02:15 GMT28 July 2021
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    Hot Button Issue: Latest Launches, Nuclear Tests Escalate Korean Crisis (97)
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    Experts think that Pyongyang is unlikely to give up its nuclear arsenal under external provocations despite "fire and fury" rhetoric and threats of military action from US President Donald Trump against North Korea.

    MOSCOW (Sputnik), Tommy Yang — After promising to respond to any North Korean missiles targeting the US territory Guam with "fire and fury" in August, Trump once again made threats of military action against Pyongyang during his speech at the United Nations General Assembly on Tuesday.

    Trump reiterated that, while the United States had great strength and patience, if forced to defend itself or its allies, the nation would have no choice but to "totally destroy" North Korea. He called North Korean leader Kim Jong Un "rocket man" and accused him of being on a "suicide mission for himself and for his regime."

    North Korea's National Strategy

    Long-time observers of North Korea argued that Pyongyang’s plan to develop nuclear weapons did not come as a result of external provocations, as the goal of becoming a nuclear power has been in the country’s national strategy for a long time.

    "The development of North Korea’s nuclear arms program is not a result of provocations from outside. Without external provocations, North Korea would still have developed its nuclear weapons. No matter if it faces provocations or not, North Korea has set the goal of becoming a nuclear power as part of its national strategy. Provocations would only trigger strong verbal responses from it. But the development of its nuclear program is not impacted by external provocations," Zhang Liangui, an expert on North Korea at the Central Party School, which trains Chinese officials in Beijing, told Sputnik.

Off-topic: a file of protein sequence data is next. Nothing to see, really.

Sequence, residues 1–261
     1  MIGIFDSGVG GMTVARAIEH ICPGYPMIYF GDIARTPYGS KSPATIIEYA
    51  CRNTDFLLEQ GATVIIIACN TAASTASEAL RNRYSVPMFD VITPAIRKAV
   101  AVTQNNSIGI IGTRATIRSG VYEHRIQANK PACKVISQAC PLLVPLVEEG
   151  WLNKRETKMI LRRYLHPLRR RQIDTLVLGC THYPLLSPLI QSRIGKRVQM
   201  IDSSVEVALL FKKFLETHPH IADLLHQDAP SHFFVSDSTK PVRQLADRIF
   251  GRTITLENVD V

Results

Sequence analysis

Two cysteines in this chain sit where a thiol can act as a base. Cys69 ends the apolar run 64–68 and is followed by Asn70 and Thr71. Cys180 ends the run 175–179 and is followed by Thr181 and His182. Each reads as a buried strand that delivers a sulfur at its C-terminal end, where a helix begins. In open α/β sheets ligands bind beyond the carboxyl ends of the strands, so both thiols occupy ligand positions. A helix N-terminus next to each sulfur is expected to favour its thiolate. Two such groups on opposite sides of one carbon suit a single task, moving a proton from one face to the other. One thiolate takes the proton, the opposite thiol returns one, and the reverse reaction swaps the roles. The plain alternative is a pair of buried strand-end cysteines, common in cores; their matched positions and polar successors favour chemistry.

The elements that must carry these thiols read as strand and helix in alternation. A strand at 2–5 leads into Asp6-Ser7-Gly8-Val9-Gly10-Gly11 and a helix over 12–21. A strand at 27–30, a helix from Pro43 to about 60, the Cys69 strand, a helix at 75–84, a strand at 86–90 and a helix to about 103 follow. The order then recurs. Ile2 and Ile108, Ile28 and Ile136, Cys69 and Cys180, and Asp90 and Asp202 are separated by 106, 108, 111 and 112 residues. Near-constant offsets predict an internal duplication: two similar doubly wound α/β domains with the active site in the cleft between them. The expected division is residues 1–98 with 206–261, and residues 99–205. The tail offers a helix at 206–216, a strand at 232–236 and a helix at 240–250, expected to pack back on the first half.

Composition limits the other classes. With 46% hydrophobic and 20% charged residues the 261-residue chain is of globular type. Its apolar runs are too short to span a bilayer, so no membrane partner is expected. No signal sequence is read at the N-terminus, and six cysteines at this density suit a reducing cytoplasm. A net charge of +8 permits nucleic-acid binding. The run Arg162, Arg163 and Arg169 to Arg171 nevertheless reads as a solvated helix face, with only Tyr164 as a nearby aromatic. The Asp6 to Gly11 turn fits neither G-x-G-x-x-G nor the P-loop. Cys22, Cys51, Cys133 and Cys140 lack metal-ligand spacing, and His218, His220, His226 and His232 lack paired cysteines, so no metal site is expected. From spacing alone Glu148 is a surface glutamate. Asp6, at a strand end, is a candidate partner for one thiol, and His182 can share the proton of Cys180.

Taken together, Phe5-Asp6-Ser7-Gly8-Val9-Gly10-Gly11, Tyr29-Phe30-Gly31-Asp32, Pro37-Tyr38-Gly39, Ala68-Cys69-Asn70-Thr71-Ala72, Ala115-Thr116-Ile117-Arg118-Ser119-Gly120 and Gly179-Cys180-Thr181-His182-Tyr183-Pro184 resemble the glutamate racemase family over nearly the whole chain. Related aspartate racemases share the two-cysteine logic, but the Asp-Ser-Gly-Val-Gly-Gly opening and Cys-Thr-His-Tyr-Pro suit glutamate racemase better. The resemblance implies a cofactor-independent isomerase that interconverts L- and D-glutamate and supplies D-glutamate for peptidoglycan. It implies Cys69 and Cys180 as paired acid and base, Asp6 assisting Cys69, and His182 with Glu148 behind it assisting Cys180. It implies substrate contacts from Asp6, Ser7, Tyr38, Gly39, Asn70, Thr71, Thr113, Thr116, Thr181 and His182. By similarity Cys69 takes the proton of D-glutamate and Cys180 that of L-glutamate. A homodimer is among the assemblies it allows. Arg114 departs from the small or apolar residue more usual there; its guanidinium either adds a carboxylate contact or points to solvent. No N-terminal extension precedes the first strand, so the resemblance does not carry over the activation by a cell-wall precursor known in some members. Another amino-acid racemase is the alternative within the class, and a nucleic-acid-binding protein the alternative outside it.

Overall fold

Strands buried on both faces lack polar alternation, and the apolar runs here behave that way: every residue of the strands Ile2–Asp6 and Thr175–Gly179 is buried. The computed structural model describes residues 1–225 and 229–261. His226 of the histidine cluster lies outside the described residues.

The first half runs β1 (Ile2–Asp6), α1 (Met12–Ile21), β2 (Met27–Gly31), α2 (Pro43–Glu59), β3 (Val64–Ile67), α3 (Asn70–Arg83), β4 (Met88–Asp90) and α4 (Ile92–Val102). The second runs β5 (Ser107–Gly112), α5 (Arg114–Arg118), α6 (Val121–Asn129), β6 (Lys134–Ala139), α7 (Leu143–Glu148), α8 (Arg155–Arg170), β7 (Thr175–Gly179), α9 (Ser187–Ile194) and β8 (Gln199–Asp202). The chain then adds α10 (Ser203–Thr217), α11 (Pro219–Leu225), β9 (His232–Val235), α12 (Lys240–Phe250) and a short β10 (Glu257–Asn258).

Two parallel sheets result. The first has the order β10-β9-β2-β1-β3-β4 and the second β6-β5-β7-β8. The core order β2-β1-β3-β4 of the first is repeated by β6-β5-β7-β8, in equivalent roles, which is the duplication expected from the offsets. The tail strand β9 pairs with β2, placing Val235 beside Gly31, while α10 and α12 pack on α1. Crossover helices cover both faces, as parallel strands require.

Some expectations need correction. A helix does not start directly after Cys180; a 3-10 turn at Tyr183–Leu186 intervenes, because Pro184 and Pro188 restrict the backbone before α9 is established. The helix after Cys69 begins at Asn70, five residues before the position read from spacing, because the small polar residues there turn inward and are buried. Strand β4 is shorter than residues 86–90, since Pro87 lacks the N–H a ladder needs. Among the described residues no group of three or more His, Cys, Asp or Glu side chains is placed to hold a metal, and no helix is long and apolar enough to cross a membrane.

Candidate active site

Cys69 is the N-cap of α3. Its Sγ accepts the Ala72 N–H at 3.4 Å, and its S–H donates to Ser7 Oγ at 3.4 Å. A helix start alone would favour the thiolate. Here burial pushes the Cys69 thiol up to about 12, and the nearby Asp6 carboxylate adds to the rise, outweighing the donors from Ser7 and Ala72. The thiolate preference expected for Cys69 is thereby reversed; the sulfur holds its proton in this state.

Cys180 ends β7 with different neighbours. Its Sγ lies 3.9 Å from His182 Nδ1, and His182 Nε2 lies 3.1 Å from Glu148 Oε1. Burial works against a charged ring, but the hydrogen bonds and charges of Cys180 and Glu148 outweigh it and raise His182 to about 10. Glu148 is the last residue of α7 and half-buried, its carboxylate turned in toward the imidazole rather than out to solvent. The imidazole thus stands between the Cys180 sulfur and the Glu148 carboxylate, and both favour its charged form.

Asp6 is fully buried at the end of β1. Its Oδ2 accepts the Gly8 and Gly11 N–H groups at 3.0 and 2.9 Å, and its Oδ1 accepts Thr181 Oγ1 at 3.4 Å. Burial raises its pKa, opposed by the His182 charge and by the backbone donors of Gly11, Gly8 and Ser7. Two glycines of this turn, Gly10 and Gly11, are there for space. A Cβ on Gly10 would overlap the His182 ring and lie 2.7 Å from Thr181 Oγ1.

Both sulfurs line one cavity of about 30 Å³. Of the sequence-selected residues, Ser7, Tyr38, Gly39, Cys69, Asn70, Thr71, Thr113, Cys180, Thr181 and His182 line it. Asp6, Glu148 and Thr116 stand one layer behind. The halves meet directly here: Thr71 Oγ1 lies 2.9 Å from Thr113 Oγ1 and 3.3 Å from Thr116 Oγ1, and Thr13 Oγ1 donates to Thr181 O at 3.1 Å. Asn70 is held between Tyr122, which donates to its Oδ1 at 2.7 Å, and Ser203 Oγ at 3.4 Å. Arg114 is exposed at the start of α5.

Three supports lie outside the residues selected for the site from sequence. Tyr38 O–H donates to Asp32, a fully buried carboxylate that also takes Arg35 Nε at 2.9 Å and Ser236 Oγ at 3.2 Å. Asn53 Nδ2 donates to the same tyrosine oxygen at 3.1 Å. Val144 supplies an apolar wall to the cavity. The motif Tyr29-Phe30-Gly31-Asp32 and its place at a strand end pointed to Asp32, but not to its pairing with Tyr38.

​North Korea withdrew from the Treaty on the Non-Proliferation of Nuclear Weapons (NPT) in 2003 and conducted its first underground nuclear test as early as 2006.

    The Beijing-based expert pointed out that the history of North Korea’s nuclear program showed that Pyongyang had always followed its plans of developing nuclear weapons, regardless of what kind of provocations it faced.

    "Even when North Korea was participating in the six-party talks or trying to negotiate with the United States before, that [the peace talks] was only the responsibility of the country’s foreign ministry, which has completely different functions from the North Korean military departments responsible for the development of its nuclear programs. They [different government departments of North Korea] are just fulfilling their own jobs," Zhang said.

    Quick End to Possible Military Conflict

    Compared to the Korean War in the 1950s, which lasted over three years, any military conflict on the Korean Peninsula today could end very quickly, the Chinese scholar suggested.

    "Decades have passed. Warefare today is totally different from what it was in the 1950s. If you call the war in the 1950s first generation warfare, what we face today can be called fourth generation warfare. The United States is capable of finishing the war [on the Korean Peninsula] with a minimal number of casualties," Zhang said.